Born in Australia in 1882, Percy Grainger was a piano prodigy who left for Frankfurt to study at Hoch Conservatory at the age of 13. Between 1901 and 1914, he was based in London where he established himself as a pianist, concert performer, composer, and collector of original folk melodies. He came to the United States at the outbreak of World War I and enlisted as an Army bandsman, later becoming an American citizen in 1918. Grainger has written numerous masterworks for wind band including Lincolnshire Posy, Handel in the Stand, and Molly on the Shore. Irish Tune from County Derry is a setting of a tune from the Irish county of Derry (often called Londonderry). While this tune is widely associated with the lyrics to “Danny Boy,” these actually came later. The origin of the tune is somewhat mysterious, but is generally believed to have been collected by Jane Ross of Limavady, a woman who lived in Londonderry in the 1800s and made a large collection of the popular unpublished melodies of the country.
Lord of the Dance is an Irish dance show and dance production that was created, choreographed, and produced by Irish-American dancer Michael Flatley, who also took a starring role. The music for the show was written by Ronan Hardiman, and selections from the show were arranged, in this performance, by Larry Moore. The story follows the character the Lord of the Dance and his fight against the evil dark lord Don Dorcha from taking over Planet Ireland. The Lord of the Dance defeats the dark lord's invasion with help from a little spirit. There is also a story with a "love versus lust" theme expressed through dance throughout the show. Saoirse, the Irish Cailín fights for the love of the Lord of the Dance against the wicked Morrighan, the Temptress. The stories are based on ancient Irish folklore and some biblical references; the title itself, along with the central musical theme, is taken from the Shaker hymn “ ‘Tis a Gift to be Simple.” - Dr. Patrick Riley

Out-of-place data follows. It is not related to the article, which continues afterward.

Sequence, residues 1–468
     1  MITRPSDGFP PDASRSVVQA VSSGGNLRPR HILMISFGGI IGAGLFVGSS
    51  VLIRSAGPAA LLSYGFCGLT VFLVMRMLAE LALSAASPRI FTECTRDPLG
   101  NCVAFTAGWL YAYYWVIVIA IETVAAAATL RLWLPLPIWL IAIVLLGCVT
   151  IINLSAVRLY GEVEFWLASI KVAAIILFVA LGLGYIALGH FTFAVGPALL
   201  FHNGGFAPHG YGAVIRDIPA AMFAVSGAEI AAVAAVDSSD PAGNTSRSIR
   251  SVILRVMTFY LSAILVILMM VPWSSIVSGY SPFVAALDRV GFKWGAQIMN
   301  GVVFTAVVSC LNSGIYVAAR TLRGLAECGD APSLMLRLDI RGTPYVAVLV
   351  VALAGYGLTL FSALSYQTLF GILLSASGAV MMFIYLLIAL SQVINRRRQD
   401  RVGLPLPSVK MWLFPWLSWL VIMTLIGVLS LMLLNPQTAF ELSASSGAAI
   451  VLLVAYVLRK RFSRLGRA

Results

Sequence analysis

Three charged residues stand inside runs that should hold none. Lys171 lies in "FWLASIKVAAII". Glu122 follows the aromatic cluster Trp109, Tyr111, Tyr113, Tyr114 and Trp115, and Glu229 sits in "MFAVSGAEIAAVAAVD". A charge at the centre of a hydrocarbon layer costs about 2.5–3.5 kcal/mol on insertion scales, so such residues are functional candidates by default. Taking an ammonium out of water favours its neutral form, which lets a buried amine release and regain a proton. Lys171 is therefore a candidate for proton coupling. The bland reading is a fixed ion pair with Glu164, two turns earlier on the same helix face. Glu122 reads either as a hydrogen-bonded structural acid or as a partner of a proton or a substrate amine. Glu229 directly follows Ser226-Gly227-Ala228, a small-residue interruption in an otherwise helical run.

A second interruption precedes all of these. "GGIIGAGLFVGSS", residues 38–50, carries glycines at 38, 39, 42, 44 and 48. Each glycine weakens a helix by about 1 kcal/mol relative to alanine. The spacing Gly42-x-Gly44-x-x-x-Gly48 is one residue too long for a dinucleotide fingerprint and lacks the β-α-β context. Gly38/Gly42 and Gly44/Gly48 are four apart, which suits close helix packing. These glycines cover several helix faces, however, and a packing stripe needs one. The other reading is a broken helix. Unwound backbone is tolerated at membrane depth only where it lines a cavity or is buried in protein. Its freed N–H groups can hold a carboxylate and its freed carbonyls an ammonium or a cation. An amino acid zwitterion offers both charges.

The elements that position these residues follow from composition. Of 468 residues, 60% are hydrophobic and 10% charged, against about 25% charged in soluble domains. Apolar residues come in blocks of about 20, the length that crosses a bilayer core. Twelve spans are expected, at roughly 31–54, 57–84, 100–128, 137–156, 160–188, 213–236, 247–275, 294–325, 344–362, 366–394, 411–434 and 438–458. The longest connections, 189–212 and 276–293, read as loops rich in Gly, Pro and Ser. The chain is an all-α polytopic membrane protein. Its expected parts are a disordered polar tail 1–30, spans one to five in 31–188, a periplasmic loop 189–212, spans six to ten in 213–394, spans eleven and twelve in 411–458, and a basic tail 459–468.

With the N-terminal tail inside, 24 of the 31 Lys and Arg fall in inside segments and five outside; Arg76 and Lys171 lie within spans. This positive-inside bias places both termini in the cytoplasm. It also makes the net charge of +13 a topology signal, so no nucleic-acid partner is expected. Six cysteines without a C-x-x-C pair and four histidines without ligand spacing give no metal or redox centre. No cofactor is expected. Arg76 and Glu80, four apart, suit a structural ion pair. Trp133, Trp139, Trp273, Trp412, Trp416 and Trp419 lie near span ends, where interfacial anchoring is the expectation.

Riverdance: A Symphonic Suite - Notes from the Composer Bill Whelan
The idea for a Riverdance Symphonic Suite had been on my radar for some time. Over the years I had often had requests from orchestras around the world for a full-length concert piece containing the music from the show. As my original score incorporated traditional instruments, it was not always easy to assemble the various ethnic elements in countries where pipers and bodhrán players are rare! So what I have done with this new score is to present all the themes from Riverdance in a way that is playable by a full symphony orchestra anywhere in the world, without the traditional musicians. There were two principal challenges – the first was to arrange the themes and melodies as a colourful and dynamic concert piece. The second was to choose the instruments from within the conventional symphony orchestra to appropriately replace the original ethnic instruments and voices.
In this score the listener will hear the core pieces at the heart of Riverdance – namely those melodies which were inspired by the modes and rhythms of traditional Irish music. However, as in most of the music for Riverdance, I have played with rhythmic structures and with counterpoint deliberately to present the choreographers with opportunities to break outside the conventional Irish dance forms.
In this suite I have also incorporated the music I composed for the international elements in Riverdance. So we will hear the Spanish-inflected Firedance and Andalucia as well as the music inspired by Bulgarian, Macedonian and Russian music.The choral music and songs are also included – with the orchestra taking the melodies – and the suite reaches its climax with Riverdance itself – the original seven minute piece that I wrote when the first performance was unveiled in 1994. - Bill Whelan